Wash your hands after contact, and also avoid immediate contact with other family members and friends after you have tended to your cat. Make sure that everyone in the household follows these guidelines to stop the possible spread of infection.
Conjunctivitis In Cats: How Long Does It Last?
If you use an over the counter remedy on your cat, you should start seeing improvements within a day. If your cat’s conjunctivitis persists (or gets worse) then you will need to take them to see your vet.
Prescribed medications such as eye drops or ointments may take a week or two to cure the infection, but you should start seeing improvements before then. If your cat’s condition does not improve (or if it gets worse) then there may be an underlying problem which needs to be addressed.
Eye Drops For Cats
Most cases of conjunctivitis in cats can be treated with eye drops, antibiotic ointments and/or anti-inflammatory drugs.
Cats don’t typically like things being put in their eyes, so giving your cat eye drops can be a bit difficult. You will need to carefully restrain your cat in a way which is gentle, firm and minimises your risk of being bitten or scratched.
It should go without saying, but before you give your cat any kind of medication you will need to read the instructions first to make sure you know the dosage and how it should be applied.
If your cat has discharge coming out of their eyes then this will need to be cleared with a sterile eyewash solution before you go ahead with the eye drops.
How To Give Your Cat Eyedrops
When you are ready to give your cat the eye drops, you will first have to gently restrain the cat to make the whole process easier and safer for both of you. Wrap your cat up in a cosy blanket or towel so only the head is sticking out.
In order to stop your cat running away, you may need to hold them between your knees in a seated position.
Use one of your hands to hold the cats eye open. You should use your non-dominant hand for your cats head as you’ll need a steady hand to accurately administer the eye drops.
Place your hand under your cat’s jaw so your thumb is on one side of the face and the fingers are on the other. Your cat’s hand should be cradled gently but firmly in your non-dominant hand. Gently tilt your cat’s head slightly upwards.
Use your thumb to gently pull down your cat’s lower eyelid to create a small pouch which you can drop the solution into.
Put the applicator right up close to your cat’s eye (around one inch away), but make sure you don’t poke your cat in the eye by mistake as not only would this hurt your cat but it would also contaminate the tip of the applicator.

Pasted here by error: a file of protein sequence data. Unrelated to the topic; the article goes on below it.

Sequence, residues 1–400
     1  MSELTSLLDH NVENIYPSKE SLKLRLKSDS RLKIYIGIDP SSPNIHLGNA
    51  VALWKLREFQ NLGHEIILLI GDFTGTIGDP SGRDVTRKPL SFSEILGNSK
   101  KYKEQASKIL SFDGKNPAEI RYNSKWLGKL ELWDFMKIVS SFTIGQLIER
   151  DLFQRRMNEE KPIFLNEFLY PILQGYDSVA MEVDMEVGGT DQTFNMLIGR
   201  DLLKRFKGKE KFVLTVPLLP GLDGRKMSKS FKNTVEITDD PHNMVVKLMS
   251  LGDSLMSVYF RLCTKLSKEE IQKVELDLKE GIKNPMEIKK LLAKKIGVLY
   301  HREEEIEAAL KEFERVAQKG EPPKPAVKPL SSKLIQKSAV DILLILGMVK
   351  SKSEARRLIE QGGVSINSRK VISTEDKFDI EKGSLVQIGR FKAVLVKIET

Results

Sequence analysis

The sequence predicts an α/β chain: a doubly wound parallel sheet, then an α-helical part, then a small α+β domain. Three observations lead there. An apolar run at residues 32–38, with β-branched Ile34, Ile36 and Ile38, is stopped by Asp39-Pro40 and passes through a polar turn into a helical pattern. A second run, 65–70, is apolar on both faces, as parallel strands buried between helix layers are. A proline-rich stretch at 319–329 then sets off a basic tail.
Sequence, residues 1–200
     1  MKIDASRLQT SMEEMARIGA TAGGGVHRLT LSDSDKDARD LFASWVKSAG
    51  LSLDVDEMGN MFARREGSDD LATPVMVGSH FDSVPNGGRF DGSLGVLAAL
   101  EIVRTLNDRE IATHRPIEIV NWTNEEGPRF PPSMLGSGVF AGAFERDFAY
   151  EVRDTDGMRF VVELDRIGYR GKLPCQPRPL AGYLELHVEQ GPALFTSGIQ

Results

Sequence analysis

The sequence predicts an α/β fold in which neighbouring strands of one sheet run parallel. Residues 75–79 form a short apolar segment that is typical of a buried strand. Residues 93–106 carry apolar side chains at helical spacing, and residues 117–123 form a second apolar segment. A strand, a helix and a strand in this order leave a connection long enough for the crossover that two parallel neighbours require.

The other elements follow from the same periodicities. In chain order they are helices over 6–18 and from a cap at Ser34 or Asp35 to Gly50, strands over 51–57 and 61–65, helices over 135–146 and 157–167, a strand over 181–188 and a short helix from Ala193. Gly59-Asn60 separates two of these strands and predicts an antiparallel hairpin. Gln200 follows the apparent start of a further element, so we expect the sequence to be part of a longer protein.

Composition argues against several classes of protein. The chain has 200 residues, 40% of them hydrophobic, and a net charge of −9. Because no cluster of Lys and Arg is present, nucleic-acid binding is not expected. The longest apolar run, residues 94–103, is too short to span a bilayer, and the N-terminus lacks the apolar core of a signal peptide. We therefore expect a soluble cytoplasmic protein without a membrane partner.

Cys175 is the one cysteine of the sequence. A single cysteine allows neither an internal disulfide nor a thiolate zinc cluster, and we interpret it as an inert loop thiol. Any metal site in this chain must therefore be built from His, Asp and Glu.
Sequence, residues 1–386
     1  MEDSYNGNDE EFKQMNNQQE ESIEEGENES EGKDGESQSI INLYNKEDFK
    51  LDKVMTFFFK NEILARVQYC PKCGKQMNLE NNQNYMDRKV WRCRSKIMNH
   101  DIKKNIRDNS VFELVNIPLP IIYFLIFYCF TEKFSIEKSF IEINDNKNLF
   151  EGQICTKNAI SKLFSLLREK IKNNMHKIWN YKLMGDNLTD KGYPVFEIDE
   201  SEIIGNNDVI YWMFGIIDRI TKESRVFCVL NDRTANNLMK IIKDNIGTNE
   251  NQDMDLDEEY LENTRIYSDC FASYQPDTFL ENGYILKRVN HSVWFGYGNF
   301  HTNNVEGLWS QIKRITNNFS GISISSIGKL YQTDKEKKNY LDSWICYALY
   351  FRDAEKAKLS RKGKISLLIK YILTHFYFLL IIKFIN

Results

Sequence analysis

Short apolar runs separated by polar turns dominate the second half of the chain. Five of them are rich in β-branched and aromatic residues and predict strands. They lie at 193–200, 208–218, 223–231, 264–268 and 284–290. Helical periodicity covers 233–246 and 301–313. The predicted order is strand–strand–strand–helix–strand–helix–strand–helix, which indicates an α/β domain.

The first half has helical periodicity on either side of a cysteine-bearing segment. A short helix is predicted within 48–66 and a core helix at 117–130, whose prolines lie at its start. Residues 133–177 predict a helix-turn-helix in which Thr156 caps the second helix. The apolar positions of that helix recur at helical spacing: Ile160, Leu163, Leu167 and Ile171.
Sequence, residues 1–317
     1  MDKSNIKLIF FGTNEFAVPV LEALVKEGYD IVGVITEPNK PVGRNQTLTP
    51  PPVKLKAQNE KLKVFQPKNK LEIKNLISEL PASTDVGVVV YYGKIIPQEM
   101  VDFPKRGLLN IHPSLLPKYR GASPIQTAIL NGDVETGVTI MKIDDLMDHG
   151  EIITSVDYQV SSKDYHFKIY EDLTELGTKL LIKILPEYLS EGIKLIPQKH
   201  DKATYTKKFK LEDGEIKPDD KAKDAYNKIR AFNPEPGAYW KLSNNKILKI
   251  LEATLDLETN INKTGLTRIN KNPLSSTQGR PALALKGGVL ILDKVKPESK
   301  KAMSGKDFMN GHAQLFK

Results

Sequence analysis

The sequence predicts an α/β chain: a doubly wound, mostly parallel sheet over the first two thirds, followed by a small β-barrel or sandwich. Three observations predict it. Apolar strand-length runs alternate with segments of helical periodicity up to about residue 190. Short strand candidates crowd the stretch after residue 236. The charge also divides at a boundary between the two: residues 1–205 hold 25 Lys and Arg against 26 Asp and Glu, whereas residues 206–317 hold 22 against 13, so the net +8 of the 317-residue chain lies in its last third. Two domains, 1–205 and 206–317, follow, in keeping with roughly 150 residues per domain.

Squeeze the bottle and drop the required amount of solution into the affected eye.
After you have administered the eye drops, keep hold of the cat for a few moments more to stop them rubbing the solution off.
It’s a good idea to feed your cat (or at least give them a treat) after the eye drops to distract them and put them in a better mood.
Cat’s may not like eye drops, but the eye drops shouldn’t cause pain or discomfort. Make sure to tell your vet if your cat seems to be in more pain after receiving the eye drops.
Cat Conjunctivitis Treatments Over The Counter
Mild conjunctivitis in cats can be treated with a diluted solution of boric acid which can be bought over the counter at most pharmacies.
You should know what is causing your cats eye infection before giving them medication, so even if certain eye drops have worked in the past that does not mean they will work again.
Whilst you can purchase pet-friendly treatments and use them on your cat without a vet’s prescription, it is still a good idea to check with your vet to make sure that this treatment is safe for your cat, especially if you have not used this specific treatment before.
Can You Use Human Eye Drops On Cats?
So, can you use human eye drops on cats?
Some eye drops are suitable for cats and humans alike, but others may contain preservatives that can damage your cats’ eyes.
It’s not worth risking your cat’s eyesight by using your own eye drops on your cat because a dose and/or concentration that is safe and effective for you may well be different than what is safe and effective for your cat.
You should not use human eye drops or other forms of human eye medication on your cat.
Don’t try and treat an infection before you know what is causing it as this can make things worse and it could also make the infection harder to diagnose.
Always check with your vet before using new eye drops or other forms of medication on your cat.
Free Updates For Cat Lovers!
Our cat care articles, tips and fun facts, delivered to your inbox
- Cater R.T & Chang J, ‘Feline uveitis: A review of its causes, diagnosis, and treatment’, Veterinary Medicine, 2009
- Drs Foster & Smith, ‘Eye Infections (Conjunctivitis)’, Pet Education,
- Dr Becker, ‘When Does an Eye ‘Problem’ Become Crisis?’, 2010,
- Hillstrom, A et al. 2012. Evaluation of cytologic findings in feline conjunctivitis. Veterinary Clinical Pathology.
- McCalla, Terri, ‘Feline Uveitis’, 2001-2017,
- Sykes, JE. 1999. Prevalence of Feline Chlamydia psittaci and Feline Herpesvirus 1 in Cats with Upper Respiratory Tract Disease. Journal of Veterinary Internal Medicine
- ‘Is Cat Pink Eye Contagious?’, 2012,
- ‘Conjunctivitis In Cats’, Vetstream